2020 was a heck of a year—one that reminded us just how important a good immune system is. Dr. William Li, author of Eat to Beat Disease, is no stranger to the topic. He shares the key things you can do right now to boost your body’s main defense system.

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Illustration by Asia Pietrzyk
| Credit: Illustration by Asia Pietrzyk
illustration of Dr. William Li
Credit: Illustration by Alessandra Olanow

If there's ever been a good time to focus on your health, it's now. And if there's ever been a good person to tell you how to do that, it's Dr. William Li, a Harvard-trained physician who literally wrote the book on boosting immunity with food (the New York Times bestselling Eat to Beat Disease). "When our immunity is strong, our health is strong," Li says. "When it's weak, we become vulnerable to disease. With winter flu season, and the pandemic still a threat, keeping your immune system in top shape is one of the most important things you can do." This is easier than it sounds, says Li, because a host of factors affect the body's defense systems: "It's not about doing one thing perfectly; it's about doing a lot of small things as best you can."

First, focus on what you put into your body, making sure it's good for your microbiome (the healthy bacteria that live in your digestive system). "The gut is a command center for our immunity," Li says. "If you build your meals around vegetables, legumes, fibrous foods, and whole grains, all of which support good bacteria in your gut, you'll be ahead of the game when it comes to immunity."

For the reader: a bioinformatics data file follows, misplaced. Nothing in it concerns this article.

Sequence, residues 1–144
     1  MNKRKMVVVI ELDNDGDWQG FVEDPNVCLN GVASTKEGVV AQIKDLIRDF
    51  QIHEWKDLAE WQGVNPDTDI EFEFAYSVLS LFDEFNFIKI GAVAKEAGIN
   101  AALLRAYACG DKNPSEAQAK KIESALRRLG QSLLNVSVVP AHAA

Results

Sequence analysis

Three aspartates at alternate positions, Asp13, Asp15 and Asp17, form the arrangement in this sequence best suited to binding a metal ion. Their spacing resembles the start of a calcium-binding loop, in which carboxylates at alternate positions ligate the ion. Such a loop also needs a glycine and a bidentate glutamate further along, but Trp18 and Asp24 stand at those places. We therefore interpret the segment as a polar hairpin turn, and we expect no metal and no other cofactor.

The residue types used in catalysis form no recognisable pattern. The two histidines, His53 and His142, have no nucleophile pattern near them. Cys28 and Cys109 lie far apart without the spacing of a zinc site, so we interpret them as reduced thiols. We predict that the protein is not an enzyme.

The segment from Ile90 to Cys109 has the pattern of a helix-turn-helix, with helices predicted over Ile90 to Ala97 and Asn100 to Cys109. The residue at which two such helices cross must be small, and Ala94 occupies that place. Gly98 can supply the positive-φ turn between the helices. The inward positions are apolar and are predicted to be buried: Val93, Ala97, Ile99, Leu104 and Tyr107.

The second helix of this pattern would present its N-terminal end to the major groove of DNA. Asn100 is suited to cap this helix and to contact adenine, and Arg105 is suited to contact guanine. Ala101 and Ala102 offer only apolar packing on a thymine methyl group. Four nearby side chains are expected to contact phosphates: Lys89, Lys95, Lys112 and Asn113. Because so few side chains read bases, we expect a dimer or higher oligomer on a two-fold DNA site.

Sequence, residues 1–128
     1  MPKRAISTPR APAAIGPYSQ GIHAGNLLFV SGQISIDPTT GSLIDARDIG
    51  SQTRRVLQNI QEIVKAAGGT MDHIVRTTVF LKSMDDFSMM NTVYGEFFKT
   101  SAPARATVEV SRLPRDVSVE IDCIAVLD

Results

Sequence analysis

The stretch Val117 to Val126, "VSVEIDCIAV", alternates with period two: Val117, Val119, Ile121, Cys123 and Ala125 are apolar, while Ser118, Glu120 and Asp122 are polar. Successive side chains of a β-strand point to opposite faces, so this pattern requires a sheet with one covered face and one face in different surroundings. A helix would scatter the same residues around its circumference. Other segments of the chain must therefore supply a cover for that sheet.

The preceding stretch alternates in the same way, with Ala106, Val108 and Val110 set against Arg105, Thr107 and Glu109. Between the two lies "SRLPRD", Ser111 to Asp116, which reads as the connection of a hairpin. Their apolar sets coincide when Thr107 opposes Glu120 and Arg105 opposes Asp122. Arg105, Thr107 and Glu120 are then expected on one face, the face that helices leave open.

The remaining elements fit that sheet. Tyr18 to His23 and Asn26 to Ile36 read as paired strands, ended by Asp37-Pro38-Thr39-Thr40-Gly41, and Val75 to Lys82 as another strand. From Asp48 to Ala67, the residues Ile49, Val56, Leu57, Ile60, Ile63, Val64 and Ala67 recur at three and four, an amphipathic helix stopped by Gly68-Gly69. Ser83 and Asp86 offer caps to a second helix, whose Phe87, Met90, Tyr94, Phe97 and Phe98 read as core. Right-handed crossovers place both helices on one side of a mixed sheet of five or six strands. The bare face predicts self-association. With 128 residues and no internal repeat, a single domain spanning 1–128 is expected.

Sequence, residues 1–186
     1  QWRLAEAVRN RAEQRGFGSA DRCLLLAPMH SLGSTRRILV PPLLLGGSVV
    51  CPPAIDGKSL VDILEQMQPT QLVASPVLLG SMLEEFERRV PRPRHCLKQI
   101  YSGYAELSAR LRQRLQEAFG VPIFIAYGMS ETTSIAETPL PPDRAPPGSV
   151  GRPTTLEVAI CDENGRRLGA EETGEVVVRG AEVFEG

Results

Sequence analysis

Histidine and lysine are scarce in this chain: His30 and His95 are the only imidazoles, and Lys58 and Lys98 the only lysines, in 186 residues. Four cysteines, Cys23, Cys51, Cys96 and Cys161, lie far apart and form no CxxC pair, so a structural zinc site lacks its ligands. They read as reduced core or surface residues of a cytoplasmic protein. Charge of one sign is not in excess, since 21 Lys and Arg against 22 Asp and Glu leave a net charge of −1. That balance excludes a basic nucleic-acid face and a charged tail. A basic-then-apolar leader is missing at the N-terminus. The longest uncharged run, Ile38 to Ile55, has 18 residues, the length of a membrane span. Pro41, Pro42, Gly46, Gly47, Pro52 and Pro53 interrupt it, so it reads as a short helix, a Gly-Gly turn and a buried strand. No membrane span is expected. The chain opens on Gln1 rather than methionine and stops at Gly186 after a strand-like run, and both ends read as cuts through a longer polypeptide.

Next, think about what your body is doing: namely moving, sleeping, and stressing. "Exercise stimulates your stem cells, which replenish your immune system," the doc says. "When you sleep, your immune system updates its operating system and reboots itself." Stress does the opposite. "The stress hormone cortisol reduces the number of immune cells in our bloodstream," Li says, which is why you're more susceptible to infection when you're tired. Focus on getting 30 minutes of exercise per day and seven to eight hours of sleep per night, and find healthy ways to manage stress. "For me, taking a pause, reminding myself of what really matters, and letting go of what doesn't helps me re-center and limit stress," he says.

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Credit: Illustration by Asia Pietrzyk

And a side effect of eating well, exercising daily, and getting enough sleep is lowered stress levels. Adjust your habits accordingly and you'll be on the right track.

Finally, remember the health habits you learned as a kid. "The pandemic has reminded us how important proper handwashing is (with soap, not just a rinse of water!), but it's also a good reminder for general hygiene," Li says. Brush your teeth and floss daily to improve your mouth's microbiome, which helps ward off illness. Get regular preventive health checkups at the doctor. And always get the flu shot! "It has always been important," Li says, "but this year, it's more critical than ever."

A Few Swap-ins To Make You Strong

Mushrooms, Not Processed Meats

'Shrooms have a meaty texture and natural immune-boosting power that make them a mighty meat alternative.

Yogurt, Not Cream

Trade sour cream, butter, and heavy cream for yogurt to add a probiotic kick to foods that want some creaminess.

Kimchi, Not Raw Vegetables

OK, this isn't really an either/or—veggies are great. But fermented foods like kimchi are extra good for your gut (and food's flavor!).

This article originally appeared in our Winter/Spring 2021 issue. Get the magazine here